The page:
Lending contiguity to world class techniques and creations
After serving as a design assistant to John Galliano while attending the prestigious Central Saint Martins in London, Yoshikazu Yamagata graduated at the top of his class and returned to Japan to establish his own fashion brand “writtenafterwards” at a relatively young age. In 2008, he went on to found “coconogacco” in pursuit of providing a more open and flexible place for fashion education. Yamagata envisions fashion as a means of living with a future where dressing up and nature are on the same trajectory as a matter of course. He continues to work at a level that transcends society’s concept of fashion, producing creations that have a thermal energy about them. What does he hope to bring to people, society, and cities? To get a glimpse into his mind, we interviewed him with a focus on the Fashion in Japan 1945-2020 exhibition currently on at The National Art Center, Tokyo (until September 6, 2021) to ask about his current thoughts and things that can be done for the future.
From the 1990s to the 2010s, trend cycles accelerated at incredible speeds in the world of fashion. Increased globalization regularized mass production and consumption, spurring on the trend of fast-tracking market delivery. I think that's been taking its toll on both the design and the production side in recent years.
But then with the COVID-19 pandemic, the established cycles didn't work anymore and it was an opportunity to rethink the existing flow of things, in a way. Instead of artificially imposed fashion cycles, we need to rethink dress in terms of cycles that include nature as well as humans. I think that's the kind of thing that people are feeling on a global scale.
I was invited to be a part of the current Fashion in Japan 1945-2020 exhibition before the pandemic. I originally had the vague notion of wanting to show some kind of new idea, but when the general mood shifted with the pandemic experience, my desire to present something in 2021 that serves as "the next step" grew stronger.
That was around when I had the opportunity to work with Ganryu-san of the fashion brand FUMITO GANRYU at a March event that was held to kick off the exhibition. It was called the FUMITO GANRYU + Yoshikazu Yamagata (writtenafterwards) show, where I created an installation piece in a section of The National Art Center, Tokyo, and the FUMITO GANRYU AW21 RUNWAY SHOW was held in the same space. That was where I displayed clothes made out of washi paper in a glass case together with soil, which links to my project Gassho (lit. hands together in prayer) in Fashion in Japan 1945-2020, where I display the process of clothes decomposing into soil in thinking about new roles for clothing and fashion.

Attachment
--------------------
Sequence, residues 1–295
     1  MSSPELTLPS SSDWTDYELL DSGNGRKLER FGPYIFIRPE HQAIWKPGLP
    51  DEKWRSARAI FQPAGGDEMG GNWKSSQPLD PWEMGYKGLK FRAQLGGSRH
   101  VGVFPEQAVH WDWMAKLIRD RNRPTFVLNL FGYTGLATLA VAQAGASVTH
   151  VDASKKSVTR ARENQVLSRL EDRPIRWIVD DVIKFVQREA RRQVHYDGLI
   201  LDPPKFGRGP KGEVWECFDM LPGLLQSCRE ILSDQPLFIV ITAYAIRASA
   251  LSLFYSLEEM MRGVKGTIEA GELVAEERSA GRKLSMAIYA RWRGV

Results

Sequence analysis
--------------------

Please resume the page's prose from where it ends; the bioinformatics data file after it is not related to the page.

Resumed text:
Fabric made from washi paper has always been used in Japanese clothing, but recently its use has undergone quite an update. Advancements in research have shown that washi paper biodegrades very quickly with excellent composting properties that enrich soil. As the environmental burden of fashion has been met with increasing scrutiny in recent years, I work in hopes of devising something that can link "dressing up" with "returning to nature," in a positive way at that. This challenge involves such a complicated dilemma that I don't have a clear direction to work towards yet, nor do I even know if there's an answer at all, but I hope to keep feeling my way forward.
Beyond just my project, I think this exhibition is a big important step in Japanese fashion history. Come to think of it, there have been very few exhibitions of the like that provide an overview of postwar Japanese fashion history. There have been exhibitions that featured the lives of individual designers or era-specific trends, but this exhibition also includes clothes that were not created by fashion designers and takes a look at the history through resources other than clothing such as photos and video footage. It reminds me that Japan is a place where clothing came about from all kinds of different angles. I think being able to get a comprehensive view of how fashion in Japan changed over the years is what makes this exhibition so important.
Having gone through the kind of history presented in the exhibition, how is contemporary fashion changing right now? With social media visualizing people's need for recognition, I feel that there has been a huge acceleration in something arguably fashion-like, and that it has given rise to new ways of enjoyment. In that sense, society's newfound interest in this broader definition of fashion has an incredible amount of energy. But if we're just talking about clothing, I think there might be less enthusiasm for that, relatively speaking. But perhaps that simply means that fashion has become a form of expression that isn't exclusive to clothing, and not necessarily that the amount of attention has waned.